Mario Danelo Remembered For 'Living The Dream'

Jan. 12, 2007

LOS ANGELES -- Mario Danelo was remembered Friday as anupbeat person who enjoyed life to the fullest and left an indelibleimpression on those around him.

An estimated 2,000 mourners gathered at Mary Star of the SeaCatholic Church in suburban San Pedro to remember the SouthernCalifornia kicker.

'Mario loved life, he embraced it,' Joey Danelo said of hisyounger brother. 'If you asked Mario how he was, he would say he'sliving the dream. We'll never know God's plan, but we do know wehad a gift.

'Regardless of what you got, it came from the heart. He left animpression on our lives. He made us proud to know him. I love you,Buddy.'

Danelo's brother struggled to maintain his emotions as he spokeat the funeral Mass of nearly two hours. Among other speakers wereUSC coach Pete Carroll and Mike Walsh, who coached Danelo at SanPedro High.

'He was big-time about living life and having fun,' Carrollsaid. 'He lived it hard and fun and fast -- he enjoyed it. Heleaves us with a tremendous gift, about this life that he led.

'Mario was a fantastic kid. We loved him so much -- we're goingto miss him.'

Many in attendance listened via a loudspeaker because there werefar too many to fit into the church. The entire USC team andcoaching staff attended along with several former players andhundreds who live in San Pedro, a close-knit harbor community of70,000 about 25 miles south of Los Angeles.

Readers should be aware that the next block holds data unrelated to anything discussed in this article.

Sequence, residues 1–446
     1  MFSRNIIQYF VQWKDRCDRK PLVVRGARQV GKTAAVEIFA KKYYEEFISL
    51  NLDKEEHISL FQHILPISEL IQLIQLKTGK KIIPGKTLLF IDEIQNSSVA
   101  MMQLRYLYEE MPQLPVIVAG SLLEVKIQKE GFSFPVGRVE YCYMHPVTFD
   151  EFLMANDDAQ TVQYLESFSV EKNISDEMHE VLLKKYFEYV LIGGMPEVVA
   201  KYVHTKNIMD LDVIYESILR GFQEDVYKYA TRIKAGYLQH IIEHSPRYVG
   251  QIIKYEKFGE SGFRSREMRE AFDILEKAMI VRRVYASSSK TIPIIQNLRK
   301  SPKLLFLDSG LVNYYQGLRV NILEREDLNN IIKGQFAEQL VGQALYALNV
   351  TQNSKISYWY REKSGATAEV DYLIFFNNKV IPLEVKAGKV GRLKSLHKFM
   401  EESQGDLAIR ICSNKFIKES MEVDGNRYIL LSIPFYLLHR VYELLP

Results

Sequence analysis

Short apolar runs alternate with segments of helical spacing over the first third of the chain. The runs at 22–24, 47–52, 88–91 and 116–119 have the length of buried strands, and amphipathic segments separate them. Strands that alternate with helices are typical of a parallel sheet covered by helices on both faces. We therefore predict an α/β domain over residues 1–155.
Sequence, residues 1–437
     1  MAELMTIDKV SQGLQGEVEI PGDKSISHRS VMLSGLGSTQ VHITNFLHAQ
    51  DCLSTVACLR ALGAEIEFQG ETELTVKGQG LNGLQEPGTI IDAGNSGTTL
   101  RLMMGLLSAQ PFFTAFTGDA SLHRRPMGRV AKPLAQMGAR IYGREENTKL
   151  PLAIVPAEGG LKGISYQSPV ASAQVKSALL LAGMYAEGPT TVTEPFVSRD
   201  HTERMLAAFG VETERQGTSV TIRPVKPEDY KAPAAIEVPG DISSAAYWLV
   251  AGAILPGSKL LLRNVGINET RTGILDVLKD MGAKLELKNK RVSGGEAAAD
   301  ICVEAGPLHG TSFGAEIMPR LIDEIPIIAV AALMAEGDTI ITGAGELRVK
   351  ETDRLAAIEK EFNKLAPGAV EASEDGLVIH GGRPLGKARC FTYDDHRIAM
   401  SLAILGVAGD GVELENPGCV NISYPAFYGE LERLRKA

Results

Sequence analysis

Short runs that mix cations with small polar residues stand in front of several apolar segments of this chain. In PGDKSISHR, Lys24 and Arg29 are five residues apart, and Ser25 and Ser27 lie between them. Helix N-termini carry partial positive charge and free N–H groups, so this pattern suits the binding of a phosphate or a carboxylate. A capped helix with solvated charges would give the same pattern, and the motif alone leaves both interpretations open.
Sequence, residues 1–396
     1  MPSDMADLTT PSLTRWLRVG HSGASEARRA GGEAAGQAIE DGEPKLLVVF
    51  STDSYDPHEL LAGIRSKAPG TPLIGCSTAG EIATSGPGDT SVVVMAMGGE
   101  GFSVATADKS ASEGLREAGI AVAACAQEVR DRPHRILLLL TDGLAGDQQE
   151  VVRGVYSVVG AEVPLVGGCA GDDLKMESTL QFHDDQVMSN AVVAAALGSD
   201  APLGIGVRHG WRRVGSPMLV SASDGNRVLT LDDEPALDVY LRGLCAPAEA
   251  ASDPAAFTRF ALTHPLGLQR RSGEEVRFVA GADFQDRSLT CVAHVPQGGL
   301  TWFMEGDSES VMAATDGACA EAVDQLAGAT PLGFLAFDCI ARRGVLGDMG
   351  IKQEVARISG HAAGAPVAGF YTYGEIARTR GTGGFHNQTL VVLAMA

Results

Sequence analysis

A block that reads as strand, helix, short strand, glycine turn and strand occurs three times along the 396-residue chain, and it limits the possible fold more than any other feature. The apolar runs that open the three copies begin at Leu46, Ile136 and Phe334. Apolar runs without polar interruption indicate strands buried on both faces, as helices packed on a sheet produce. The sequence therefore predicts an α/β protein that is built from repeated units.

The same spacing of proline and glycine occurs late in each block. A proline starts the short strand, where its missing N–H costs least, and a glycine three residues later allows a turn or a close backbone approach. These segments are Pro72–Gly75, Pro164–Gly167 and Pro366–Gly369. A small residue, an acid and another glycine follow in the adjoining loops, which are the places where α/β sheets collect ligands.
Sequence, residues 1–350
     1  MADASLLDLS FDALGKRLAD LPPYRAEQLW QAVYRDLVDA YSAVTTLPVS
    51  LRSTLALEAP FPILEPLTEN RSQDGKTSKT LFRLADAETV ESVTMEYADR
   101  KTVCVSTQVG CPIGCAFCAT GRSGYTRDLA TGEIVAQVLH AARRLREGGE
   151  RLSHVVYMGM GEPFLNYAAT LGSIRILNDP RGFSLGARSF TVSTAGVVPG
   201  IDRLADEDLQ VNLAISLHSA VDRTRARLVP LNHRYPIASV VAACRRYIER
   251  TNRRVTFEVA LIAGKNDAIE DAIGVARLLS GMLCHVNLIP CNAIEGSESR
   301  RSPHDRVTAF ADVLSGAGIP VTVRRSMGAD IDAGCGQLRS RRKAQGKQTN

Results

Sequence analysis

'He was a hometown hero,' said Bob Franco, an assistant chiefof the Los Angeles Fire Department who grew up in San Pedro and hasknown Danelo's father, Joe, for about 20 years. 'The community wasshut down on Saturdays to watch Mario play. It's pretty much closeddown now.

'I watched him play at San Pedro High. He wore No. 32. My son,Robert, took Mario's number. He's going to keep it in Mario'shonor. He's a linebacker, just like Mario was.'

Danelo was an all-city linebacker in high school, but at5-foot-10 and less than 200 pounds, there was no way he was playingthat position at a major college. So his father, an NFL kicker from1975-84, spent countless hours working with him.

Danelo walked on at USC in 2003, and was awarded a scholarshiptwo years later. In two years as the Trojans' kicker, he made 26 of28 field goal attempts and 127 of 134 conversions. He set NCAAsingle-season records with 83 extra points and 86 attempts in the2005 season.

In what turned out to be the final game of his life, the21-year-old junior kicked two field goals in USC's 32-18 Rose Bowlvictory over Michigan on New Year's Day.

Walsh told the mourners that Danelo was the first San Pedro Highgraduate to play at USC in 30 years.

'Mario's success in life and athletics brought a smile toeveryone's face,' Walsh said. 'Everyone rooted for Mario. He wasthe ultimate team player, and his teammates loved him. I neverheard anyone say a negative word about him.

'Mario loved his family. I can't count the number of times Isaw him kicking field goals with his father in the afternoon at SanPedro High. We must follow Mario's example and live our lives withthe same bounce he had in his step, the smile he had on his face.Mario has been a blessing in all our lives.'

Danelo would tell just about anyone who asked how he was doingthat he was 'living the dream.'

We always say a lot of things. I thought he was messing with me,(saying), 'living the dream,' USC special teams graduateassistant Sam Anno recalled Friday. 'I finally believed that. Heowned that in his bones. I really didn't know it at first. Ifinally understood he felt like he really was living the dream. Heknew what he had in the present moment.'

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